Cells of unity at the service of the community

GEN’S: Finally, what guidance do you have for members of the Focolare Movement who work in the parish, or in diocesan structures?
Adolfo Raggio: The long experience of the Parish Movement and Diocesan Movement has been written down in the regulations or guidelines of these two expressions of Focolare. They contain precious suggestions on how to contribute to the various realities of the parish and diocese, and on ways in which communion can increase.

The members of these two movements engage fully with areas of the parish entrusted to them, they are committed to parish projects and activities, and try everywhere to be a “leaven of communion”, promoting collaboration and fraternal union so that the parish community can become a living part of the Church, communion in action.

They are aware that they cannot give what they themselves do not have, so first of all they live a practical experience of unity together with other members of the Movement, with all its demands and stages. In the parishes where they live, they form “cells of unity” and mix with everyone. Through mutual and continual charity, they keep the presence of Jesus alive, radiate the Gospel and involve many in building the civilisation of love together.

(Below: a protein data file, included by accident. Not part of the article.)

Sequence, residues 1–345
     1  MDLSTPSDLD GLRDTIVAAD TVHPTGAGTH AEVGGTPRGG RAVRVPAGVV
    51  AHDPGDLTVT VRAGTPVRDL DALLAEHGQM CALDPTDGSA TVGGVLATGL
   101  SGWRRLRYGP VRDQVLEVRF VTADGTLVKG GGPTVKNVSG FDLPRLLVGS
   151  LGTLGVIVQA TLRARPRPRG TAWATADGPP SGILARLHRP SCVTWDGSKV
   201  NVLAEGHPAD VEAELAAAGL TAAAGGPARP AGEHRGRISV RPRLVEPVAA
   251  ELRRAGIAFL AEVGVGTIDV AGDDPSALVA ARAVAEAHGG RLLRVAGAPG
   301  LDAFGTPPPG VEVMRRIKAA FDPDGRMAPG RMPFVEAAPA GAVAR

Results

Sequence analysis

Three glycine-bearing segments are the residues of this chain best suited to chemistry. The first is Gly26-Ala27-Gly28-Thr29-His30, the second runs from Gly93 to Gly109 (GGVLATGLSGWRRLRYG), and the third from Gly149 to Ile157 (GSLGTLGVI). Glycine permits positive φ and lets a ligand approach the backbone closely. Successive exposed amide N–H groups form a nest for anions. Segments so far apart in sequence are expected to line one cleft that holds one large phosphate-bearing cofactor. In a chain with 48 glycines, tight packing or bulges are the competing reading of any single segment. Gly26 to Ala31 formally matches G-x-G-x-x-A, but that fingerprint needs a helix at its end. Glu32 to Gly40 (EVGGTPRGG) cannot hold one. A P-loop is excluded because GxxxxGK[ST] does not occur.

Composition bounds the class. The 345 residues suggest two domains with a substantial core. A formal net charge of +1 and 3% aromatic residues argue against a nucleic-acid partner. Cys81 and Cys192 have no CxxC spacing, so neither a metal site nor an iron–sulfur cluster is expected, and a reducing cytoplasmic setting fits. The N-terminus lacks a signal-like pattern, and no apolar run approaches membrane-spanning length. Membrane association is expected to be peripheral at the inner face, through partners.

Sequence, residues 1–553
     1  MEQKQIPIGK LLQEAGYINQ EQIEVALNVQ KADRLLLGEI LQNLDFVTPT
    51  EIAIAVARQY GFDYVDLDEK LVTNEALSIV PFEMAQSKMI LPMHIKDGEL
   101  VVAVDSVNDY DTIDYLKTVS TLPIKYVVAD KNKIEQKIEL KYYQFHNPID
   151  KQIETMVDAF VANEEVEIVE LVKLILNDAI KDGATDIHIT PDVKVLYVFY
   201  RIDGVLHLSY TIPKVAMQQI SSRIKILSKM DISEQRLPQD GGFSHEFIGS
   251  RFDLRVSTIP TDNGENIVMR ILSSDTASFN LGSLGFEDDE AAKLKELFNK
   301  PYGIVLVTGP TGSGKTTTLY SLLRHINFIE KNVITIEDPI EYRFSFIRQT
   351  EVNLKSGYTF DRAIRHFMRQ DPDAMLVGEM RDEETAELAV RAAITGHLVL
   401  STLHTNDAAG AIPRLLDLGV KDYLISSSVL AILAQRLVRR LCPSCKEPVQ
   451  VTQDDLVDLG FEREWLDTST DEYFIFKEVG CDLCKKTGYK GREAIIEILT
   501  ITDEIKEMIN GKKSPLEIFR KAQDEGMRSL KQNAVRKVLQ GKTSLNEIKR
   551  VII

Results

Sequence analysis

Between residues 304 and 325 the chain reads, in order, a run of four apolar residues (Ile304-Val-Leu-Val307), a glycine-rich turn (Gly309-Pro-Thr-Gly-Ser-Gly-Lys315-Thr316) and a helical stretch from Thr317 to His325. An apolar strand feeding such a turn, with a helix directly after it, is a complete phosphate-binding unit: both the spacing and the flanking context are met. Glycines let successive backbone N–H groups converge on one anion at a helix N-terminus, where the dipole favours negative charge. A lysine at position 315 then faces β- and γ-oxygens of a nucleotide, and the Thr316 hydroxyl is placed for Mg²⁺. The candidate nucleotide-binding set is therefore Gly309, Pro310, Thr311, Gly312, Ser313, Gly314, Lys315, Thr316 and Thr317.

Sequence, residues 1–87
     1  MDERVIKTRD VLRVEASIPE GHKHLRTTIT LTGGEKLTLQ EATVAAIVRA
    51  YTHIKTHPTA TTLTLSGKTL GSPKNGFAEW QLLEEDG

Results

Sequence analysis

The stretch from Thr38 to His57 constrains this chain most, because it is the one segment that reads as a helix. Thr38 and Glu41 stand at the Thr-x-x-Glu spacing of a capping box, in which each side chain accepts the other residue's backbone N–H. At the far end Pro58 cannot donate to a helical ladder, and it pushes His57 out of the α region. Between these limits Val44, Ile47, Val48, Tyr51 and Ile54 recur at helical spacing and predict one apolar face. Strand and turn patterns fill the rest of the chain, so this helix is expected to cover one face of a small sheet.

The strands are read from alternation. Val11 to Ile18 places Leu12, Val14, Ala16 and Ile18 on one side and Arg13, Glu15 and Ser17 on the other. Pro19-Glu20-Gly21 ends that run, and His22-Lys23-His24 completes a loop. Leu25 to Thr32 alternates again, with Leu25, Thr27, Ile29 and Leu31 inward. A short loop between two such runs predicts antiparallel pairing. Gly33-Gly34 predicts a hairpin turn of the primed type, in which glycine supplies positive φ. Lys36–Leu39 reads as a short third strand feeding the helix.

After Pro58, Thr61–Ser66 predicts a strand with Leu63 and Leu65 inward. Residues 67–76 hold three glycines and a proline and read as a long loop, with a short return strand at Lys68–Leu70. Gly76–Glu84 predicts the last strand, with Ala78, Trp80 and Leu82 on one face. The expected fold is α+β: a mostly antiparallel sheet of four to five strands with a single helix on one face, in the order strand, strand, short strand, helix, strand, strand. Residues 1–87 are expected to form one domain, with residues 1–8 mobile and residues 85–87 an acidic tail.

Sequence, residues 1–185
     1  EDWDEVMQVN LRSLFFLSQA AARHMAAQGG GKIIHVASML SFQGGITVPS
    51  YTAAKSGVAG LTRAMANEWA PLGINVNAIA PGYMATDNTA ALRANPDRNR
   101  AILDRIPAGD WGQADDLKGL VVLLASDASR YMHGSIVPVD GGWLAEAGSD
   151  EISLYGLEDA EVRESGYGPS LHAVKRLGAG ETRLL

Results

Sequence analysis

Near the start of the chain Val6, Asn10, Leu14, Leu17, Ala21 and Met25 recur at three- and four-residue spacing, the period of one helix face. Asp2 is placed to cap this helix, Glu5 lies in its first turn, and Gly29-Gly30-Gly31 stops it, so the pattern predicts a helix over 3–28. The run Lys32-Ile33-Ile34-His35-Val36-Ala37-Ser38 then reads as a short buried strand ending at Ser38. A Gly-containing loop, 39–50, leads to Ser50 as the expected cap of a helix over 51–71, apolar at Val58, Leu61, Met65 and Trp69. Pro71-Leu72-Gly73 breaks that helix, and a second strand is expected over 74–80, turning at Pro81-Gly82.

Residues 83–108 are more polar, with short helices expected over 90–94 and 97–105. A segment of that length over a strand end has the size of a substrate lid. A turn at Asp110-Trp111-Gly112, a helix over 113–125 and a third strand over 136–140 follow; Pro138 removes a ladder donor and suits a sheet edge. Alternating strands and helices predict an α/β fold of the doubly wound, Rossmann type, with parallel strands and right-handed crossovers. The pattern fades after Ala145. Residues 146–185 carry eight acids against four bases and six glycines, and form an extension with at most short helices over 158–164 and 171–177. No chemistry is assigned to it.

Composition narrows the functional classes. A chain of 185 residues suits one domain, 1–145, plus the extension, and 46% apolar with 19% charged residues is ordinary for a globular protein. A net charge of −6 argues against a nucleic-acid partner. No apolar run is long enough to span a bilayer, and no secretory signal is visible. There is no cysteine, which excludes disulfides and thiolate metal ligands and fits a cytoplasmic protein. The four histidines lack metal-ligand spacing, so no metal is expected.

These cells are often in districts, in apartment blocks or condominiums and give life to many small communities that are open to all, where people gather to explore and live the Word, in order to grow in unity and spread the sap of love in the society around them.
 GEN’S: We hope that this testimony will encourage people to act “as a body” to discover God’s will for their own parish. The situation is very different however from place to place, in a variety of ways, in Italy or Germany, or in Africa, Asia or the Americas...
Adolfo Raggio: This is quite true, and it is important to keep that in mind. Experience has taught us, however that the key ideas and basic guidelines of the spirituality of communion that we have spoken about give – through both life and ideas - a huge impetus to renewal in the Church across all cultures, situations and latitudes. This is a view of the Church that makes it more holy, more attractive and beautiful, because it is more one. And at all levels including parish communities and dioceses.